ATLANTA—A new analysis of the Treating to New Targets (TNT) study is a timely reminder to primary care physicians that measuring levels of high-density lipoprotein cholesterol (HDL-C) remains an important predictor of cardiovascular (CV) risk in patients who achieve low-density lipoprotein cholesterol (LDL-C) targets with statin therapy.
This finding adds to previous evidence showing that HDL-C represents an additional therapeutic goal independent of LDL-C levels, said Philip Barter, MD, of the Heart Institute, Sydney, Australia, who presented the data at the 55th annual scientific session of the American College of Cardiology.
The finding from TNT “suggests that HDL-C should be an important consideration even in patients whose LDL-C levels are intensively managed,” he said. Despite clear evidence from previous research that a low HDL-C level is an important risk factor for CV disease, the emphasis in clinical practice has mainly been on lowering LDL-C levels, and much less attention has been paid to the need to raise low levels of HDL-C.
TNT was a randomized, double-blind, multicenter study that included 10,001 adults with clinically evident coronary heart disease. Following an open-label, run-in phase with atorvastatin (Lipitor), 10 mg/day, patients with LDL-C <130 mg/dL were randomized to double-blind treatment with atorvastatin, 10 or 80 mg/day, and followed for a median of 4.9 years.
Major CV events were calculated by quintiles of on-treatment HDL-C (<38, 38 to <43, 43 to <48, 48 to <55, and ≤55 mg/dL). Patients in each quintile were also bifurcated according to on-treatment LDL-C level (≤80 mg/dL or >80 mg/dL).
There was an inverse relationship between the incidence of major CV events and HDL-C quintile. Incidences ranged from approximately 12% in the 2 lowest HDL-C quintiles to <8% in the highest quintile.
“Based on these data, a 1-mg/dL increment in HDL-C concentration in the TNT study was associated with an approximate 2% decrement in the relative risk of a major cardiovascular event,” said Dr Barter. “To put this result into context, a 1-mg/dL reduction in LDL-C during this study resulted in a reduction of 0.7% in the incidence of major cardiovascular events.”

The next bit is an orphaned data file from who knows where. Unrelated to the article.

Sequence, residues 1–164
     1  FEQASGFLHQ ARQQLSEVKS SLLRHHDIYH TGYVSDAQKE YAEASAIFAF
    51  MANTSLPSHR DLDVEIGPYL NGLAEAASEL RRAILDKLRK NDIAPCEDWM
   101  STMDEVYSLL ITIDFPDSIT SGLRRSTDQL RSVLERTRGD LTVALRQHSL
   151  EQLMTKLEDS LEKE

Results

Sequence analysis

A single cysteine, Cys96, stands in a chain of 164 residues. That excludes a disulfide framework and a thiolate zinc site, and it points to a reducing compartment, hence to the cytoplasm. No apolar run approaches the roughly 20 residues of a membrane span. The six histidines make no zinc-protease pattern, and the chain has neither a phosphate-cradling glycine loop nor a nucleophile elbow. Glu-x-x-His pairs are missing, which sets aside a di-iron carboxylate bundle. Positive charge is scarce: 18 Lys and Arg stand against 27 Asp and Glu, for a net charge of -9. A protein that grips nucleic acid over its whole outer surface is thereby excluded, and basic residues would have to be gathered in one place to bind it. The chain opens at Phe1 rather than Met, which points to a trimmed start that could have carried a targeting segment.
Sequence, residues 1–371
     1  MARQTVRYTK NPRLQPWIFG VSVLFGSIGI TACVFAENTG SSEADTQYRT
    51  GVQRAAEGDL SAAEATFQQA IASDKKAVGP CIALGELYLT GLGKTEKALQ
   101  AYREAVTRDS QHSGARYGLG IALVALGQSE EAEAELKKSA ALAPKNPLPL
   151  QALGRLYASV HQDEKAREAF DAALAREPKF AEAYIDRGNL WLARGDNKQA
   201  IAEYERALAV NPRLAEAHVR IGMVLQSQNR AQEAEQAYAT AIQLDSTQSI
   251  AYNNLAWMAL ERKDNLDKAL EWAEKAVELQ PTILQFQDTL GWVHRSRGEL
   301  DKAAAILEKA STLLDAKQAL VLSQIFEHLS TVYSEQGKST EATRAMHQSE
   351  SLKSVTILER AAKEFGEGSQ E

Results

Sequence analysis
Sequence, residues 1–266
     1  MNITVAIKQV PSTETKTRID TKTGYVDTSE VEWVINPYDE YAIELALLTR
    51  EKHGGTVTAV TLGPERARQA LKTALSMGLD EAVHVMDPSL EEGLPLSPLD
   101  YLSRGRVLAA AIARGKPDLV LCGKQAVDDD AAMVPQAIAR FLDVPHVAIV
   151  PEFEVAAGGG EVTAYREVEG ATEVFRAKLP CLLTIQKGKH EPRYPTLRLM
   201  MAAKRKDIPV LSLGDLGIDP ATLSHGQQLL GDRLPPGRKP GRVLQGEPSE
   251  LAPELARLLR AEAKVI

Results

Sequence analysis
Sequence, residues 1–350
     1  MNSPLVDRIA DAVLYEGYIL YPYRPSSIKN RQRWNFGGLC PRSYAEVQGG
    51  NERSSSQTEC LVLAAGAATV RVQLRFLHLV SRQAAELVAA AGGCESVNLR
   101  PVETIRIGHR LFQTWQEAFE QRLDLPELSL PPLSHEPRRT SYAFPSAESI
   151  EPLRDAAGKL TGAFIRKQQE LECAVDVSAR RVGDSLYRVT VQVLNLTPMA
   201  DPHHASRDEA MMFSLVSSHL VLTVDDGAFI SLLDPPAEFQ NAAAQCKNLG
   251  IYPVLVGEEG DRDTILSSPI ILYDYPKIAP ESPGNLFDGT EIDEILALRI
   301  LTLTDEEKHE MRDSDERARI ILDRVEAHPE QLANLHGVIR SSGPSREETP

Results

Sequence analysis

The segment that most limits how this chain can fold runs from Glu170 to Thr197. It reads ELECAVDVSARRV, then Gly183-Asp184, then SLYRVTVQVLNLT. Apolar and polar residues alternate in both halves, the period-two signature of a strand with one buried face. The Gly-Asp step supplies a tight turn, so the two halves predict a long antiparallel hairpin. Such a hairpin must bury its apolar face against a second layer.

The relationship between on-treatment HDL-C levels and the frequency of major CV events was maintained in both atorvastatin treatment groups. It was also maintained in the ≤80-mg/dL and >80-mg/dL LDL-C subgroups.
“Having low HDL cholesterol is a risk whether LDL cholesterol is above or below 80 mg/dL,” said Dr Barter. “From what we know epidemiologically, we suspect that if you raise HDL-C artificially, it will reduce the event rate.
“Even with the most intensive statin therapy, a residual risk for cardiovascular disease is apparent,” he said. “Reductions in the residual risk apparent with statin therapy may be achieved by complementing statins with treatments that target other components of the dyslipidemic state.”
This new analysis is a useful reminder to physicians of the role of the “other” lipids in CV disease.
Patients who achieve LDL-C reductions with statin therapy remain at risk for CV disease if their HDL-C levels are low.
Low HDL-C levels (≤50 mg/dL in women, ≤40 mg/dL in men) are a risk factor, regardless of the patient’s LDL-C levels.
Other data from a registry of 155 hospitals in Germany show that HDL-C levels influence in-hospital and 1-year outcomes, based on data from 10,690 patients admitted with acute coronary syndromes (ST-segment elevation and non–ST-segment elevation myocardial infarction over 2.5 years.
Led by Frank Towae, MD, of the MI Research Institute, Ludwigshafen, Germany, investigators compared patients with high HDL-C (>50 mg/dL for women and >40 mg/dL for men) with those with low HDL-C (≤50 mg/dL for women and ≤40 mg/dL for men) on admission.